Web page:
Researchers then investigated the hypothesis that men felt threatened by female managers by asking all participants to take a test in which they had to guess words that appeared on a screen—a format commonly used to assess if bias is present. The researchers found men who were faced with female bosses were more likely to see words such as "fear" and "risk"—indicators that the men felt threatened, even if they didn't admit or recognize it.
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For the second experiment, male participants had to decide how to split a $10,000 bonus among a group of colleagues. Researchers found men divided it just about equally between male and female co-workers—a welcome example of fairness amid otherwise troubling findings. But don't hold your breath: The men then gave male managers about half the pot and took a whopping $500 more for themselves when asked to split it with a female manager.
Here seems a sensible place to mention that women are still paid significantly less than men for the same job, despite this being illegal in the EU, the US, and elsewhere for decades.
Finally, researchers studied how participants would split the $10,000 bonus with female superiors described as "proactive" and "direct," as opposed to "self-promoting" and "power-seeking." The team found men penalized female supervisors in the latter group even more harshly, keeping a larger share of the bonus for themselves.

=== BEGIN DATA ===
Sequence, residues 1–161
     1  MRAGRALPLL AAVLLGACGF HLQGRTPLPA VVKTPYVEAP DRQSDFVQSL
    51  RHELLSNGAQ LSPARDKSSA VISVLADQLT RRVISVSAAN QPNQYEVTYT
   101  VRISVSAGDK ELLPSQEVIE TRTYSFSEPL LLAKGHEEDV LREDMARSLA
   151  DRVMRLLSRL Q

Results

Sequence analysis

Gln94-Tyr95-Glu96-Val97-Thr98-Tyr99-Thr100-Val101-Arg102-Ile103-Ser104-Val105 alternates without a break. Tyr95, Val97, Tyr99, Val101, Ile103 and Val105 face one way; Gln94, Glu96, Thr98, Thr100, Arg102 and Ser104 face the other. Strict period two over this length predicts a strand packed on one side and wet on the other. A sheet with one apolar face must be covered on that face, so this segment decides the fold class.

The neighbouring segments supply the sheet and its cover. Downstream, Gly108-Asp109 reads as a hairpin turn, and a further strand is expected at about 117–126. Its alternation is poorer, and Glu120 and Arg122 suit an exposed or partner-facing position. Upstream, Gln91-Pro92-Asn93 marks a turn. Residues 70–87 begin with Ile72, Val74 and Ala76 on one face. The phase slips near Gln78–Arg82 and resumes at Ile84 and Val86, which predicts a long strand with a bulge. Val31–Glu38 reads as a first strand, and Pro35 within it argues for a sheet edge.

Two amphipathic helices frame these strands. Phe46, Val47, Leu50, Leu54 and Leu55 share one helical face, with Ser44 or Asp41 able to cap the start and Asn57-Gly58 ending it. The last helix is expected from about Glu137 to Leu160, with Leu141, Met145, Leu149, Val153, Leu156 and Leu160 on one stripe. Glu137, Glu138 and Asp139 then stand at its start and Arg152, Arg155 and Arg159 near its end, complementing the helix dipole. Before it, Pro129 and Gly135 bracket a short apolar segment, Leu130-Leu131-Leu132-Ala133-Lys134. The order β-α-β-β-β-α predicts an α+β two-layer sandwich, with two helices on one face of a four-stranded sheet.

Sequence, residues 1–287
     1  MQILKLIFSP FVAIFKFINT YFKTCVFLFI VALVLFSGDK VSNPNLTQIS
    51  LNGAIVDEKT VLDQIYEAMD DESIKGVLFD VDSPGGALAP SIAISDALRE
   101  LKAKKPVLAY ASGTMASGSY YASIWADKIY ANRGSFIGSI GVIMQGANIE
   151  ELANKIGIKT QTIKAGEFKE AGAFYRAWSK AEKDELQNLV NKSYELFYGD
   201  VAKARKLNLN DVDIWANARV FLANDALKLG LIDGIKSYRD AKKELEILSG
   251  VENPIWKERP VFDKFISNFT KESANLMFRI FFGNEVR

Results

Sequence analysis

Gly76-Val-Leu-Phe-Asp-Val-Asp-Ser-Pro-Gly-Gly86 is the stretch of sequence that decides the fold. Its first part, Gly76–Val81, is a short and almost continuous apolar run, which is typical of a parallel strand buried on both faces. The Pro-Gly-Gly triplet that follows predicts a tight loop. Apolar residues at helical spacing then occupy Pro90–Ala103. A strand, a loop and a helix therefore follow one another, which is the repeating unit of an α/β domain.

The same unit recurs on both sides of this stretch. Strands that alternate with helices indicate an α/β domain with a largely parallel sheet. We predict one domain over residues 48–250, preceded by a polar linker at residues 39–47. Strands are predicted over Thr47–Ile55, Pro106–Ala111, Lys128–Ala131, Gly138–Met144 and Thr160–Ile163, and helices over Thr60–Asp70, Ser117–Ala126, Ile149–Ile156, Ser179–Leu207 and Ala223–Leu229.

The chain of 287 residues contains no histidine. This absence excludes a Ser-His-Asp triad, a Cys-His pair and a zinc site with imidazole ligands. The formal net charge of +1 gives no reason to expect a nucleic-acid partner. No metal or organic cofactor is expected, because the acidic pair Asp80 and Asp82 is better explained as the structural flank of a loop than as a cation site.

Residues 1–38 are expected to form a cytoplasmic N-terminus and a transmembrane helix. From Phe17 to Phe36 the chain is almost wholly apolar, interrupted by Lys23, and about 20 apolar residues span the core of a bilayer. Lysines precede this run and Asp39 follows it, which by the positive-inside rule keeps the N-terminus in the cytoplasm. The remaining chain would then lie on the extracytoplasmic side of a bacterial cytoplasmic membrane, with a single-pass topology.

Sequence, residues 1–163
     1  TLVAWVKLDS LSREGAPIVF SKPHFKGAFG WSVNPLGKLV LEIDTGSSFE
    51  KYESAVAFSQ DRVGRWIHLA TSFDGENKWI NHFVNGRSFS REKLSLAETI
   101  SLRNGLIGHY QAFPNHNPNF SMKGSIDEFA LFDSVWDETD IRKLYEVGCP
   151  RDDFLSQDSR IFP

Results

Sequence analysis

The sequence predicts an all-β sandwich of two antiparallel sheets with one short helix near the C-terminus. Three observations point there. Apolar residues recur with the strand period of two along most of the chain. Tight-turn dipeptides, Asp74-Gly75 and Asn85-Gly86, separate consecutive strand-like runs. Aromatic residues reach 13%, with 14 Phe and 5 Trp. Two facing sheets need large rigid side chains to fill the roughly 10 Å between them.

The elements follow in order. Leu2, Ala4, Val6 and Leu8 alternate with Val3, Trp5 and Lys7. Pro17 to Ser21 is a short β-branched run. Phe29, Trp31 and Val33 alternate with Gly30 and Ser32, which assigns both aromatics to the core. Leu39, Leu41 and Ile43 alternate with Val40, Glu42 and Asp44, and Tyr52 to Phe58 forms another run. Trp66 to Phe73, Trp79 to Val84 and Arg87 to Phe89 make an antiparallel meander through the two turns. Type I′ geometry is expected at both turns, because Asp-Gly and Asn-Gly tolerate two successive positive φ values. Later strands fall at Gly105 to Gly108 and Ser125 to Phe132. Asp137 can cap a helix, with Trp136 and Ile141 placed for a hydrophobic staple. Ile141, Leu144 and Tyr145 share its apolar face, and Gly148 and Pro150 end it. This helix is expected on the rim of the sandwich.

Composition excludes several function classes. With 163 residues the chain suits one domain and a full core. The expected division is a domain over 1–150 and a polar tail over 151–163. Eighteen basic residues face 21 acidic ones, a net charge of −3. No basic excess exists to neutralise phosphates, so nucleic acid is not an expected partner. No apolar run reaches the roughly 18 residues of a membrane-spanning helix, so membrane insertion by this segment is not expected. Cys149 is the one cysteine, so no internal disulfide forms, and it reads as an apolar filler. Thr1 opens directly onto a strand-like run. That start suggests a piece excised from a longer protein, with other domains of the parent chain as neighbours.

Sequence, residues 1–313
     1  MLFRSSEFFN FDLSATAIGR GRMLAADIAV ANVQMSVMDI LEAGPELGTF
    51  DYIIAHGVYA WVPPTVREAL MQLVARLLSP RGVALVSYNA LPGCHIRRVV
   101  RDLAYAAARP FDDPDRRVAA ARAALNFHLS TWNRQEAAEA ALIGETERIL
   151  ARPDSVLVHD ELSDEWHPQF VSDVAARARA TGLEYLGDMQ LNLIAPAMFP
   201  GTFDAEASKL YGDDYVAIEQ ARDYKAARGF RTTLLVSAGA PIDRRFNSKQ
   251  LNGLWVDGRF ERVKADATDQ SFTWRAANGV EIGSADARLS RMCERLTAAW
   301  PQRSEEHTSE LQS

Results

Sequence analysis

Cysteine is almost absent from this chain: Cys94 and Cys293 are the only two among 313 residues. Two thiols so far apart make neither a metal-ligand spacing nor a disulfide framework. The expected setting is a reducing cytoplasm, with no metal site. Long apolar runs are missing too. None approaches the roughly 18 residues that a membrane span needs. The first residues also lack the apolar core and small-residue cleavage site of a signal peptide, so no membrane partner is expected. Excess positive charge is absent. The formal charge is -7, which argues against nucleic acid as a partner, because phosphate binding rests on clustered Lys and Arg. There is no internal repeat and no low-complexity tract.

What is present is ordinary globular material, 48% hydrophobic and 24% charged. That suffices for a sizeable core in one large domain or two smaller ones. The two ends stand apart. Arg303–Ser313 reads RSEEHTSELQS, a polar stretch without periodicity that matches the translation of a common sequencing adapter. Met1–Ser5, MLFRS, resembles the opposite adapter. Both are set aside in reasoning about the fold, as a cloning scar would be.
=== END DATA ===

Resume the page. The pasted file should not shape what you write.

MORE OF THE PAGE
In summary, the results showed men reacted more assertively with female superiors regardless of how "power-seeking" they were perceived to be but penalized women who were more obviously ambitious even harder. It's probably worth ruminating on the implications of that trend—Hillary Clinton's pant-suited loss to Trump versus Theresa May's smiling, studiously nonthreatening win when meeting the president—but is the disparity then down to women's management style, or is it simply how men react to female superiors more generally?
"We need to be able to connect masculinity and femininity, so instead of seeing these as opposite constructs, shouldn't we really see the ideal manager has elements of both?"